The answer lays within the heart of man. Without a proper heart adjustment, all knowledge is futile. All who seek the wisdom of the world (of Plato and Socrates) will find that it is simply a puff in the wind. Parents who are seeking to educate their children, should first and foremost teach them the truth contained in the Holy Scriptures. A firm foundation in the Word of God will serve them far better than any classical or Charlotte Mason education. Secondly, parents seeking a good education for their children need only seek out that which works best for their particular situation and learning style. There are so many "curriculums" on the market today, that a home schooling parent can choose (or not choose!) from a rainbow of approaches. Find one that you like, one that you can afford, and one that meets the needs of your student. If your student is bent towards classical, by all means go that way. If they are more interested in hands-on (lapbooking and such), go that way. Take heed of Proverbs 22:6:
Train up a child in the way he should go [and in keeping with his individual gift or bent], and when he is old he will not depart from it.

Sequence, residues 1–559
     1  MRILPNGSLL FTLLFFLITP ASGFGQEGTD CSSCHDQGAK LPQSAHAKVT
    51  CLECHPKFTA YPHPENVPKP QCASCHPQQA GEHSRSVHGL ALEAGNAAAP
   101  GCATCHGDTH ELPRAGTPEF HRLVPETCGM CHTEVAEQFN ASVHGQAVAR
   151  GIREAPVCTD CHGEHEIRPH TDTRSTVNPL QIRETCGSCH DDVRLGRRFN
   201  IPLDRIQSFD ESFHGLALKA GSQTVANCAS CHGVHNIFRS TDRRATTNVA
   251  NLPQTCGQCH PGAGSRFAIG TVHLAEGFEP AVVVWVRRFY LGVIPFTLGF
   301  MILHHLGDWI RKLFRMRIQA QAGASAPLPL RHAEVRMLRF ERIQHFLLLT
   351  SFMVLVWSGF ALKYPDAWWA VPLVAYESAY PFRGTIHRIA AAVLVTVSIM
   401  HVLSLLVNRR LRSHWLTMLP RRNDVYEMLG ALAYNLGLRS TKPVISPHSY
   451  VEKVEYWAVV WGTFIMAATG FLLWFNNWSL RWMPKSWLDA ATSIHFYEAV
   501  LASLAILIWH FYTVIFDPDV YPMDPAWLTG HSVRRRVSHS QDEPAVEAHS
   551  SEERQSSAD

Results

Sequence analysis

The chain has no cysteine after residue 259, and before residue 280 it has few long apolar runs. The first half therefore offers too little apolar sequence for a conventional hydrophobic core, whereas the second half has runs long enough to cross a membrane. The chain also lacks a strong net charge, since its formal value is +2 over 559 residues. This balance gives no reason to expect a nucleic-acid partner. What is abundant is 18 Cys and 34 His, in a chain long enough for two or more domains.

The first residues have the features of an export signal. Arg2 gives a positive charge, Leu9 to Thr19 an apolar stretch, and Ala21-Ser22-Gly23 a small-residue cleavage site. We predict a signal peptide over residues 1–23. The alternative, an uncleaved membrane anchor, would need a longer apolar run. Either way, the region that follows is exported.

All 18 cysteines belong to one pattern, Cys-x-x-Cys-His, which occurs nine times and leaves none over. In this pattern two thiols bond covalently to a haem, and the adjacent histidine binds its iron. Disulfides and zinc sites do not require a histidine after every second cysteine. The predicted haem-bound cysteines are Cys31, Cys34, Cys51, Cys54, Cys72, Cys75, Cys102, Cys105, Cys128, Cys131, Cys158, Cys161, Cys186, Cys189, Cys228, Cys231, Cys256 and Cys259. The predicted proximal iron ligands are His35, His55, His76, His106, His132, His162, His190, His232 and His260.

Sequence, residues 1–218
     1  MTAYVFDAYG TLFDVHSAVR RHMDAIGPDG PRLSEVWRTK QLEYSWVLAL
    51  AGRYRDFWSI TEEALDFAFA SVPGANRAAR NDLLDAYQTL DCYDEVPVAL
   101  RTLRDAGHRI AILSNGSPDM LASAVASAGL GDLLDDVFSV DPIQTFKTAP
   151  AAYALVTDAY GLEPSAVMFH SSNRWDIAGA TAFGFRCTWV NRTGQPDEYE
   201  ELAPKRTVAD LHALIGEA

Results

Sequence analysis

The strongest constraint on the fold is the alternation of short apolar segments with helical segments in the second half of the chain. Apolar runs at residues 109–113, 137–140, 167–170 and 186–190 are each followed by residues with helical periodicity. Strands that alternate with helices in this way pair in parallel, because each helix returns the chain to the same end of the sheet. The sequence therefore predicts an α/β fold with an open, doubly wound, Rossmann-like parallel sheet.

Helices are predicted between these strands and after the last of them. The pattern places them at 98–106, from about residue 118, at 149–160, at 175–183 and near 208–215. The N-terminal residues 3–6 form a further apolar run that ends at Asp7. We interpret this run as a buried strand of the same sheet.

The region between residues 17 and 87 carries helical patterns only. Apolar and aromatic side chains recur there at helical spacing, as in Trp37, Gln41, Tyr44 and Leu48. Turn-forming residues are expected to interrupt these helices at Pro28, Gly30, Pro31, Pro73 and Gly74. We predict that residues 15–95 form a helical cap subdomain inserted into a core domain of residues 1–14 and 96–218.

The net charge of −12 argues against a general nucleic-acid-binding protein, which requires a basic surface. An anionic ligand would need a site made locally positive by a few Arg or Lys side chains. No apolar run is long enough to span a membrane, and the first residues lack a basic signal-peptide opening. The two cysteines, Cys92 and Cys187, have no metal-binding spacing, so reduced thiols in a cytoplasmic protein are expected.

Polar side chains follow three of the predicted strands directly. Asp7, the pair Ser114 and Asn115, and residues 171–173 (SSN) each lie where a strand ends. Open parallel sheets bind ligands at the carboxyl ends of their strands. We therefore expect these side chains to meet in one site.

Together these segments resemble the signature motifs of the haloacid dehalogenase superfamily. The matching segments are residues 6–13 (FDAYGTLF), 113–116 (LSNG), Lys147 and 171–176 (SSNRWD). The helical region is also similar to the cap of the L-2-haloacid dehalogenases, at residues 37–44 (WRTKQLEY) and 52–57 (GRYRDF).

My advice: do not force your child to learn in a way that goes against his or her natural bent. Instead, find a method that works with your child. There are oodles out there, so take your time and explore them. Try on different ones and see which suits you and your child best.
As far as the difference between Classical and Charlotte Mason -- in theory and practice -- the only difference is in application. They both will deliver excellent results (so long as you remember your goal as parent -- teach your children about God first and do not believe that anything short of a turned heart towards Jesus -- will bring about the ultimate reward.)
It has given me great joy to find some of your children walking in the truth, just as the Father commanded us. ~2 John 1:4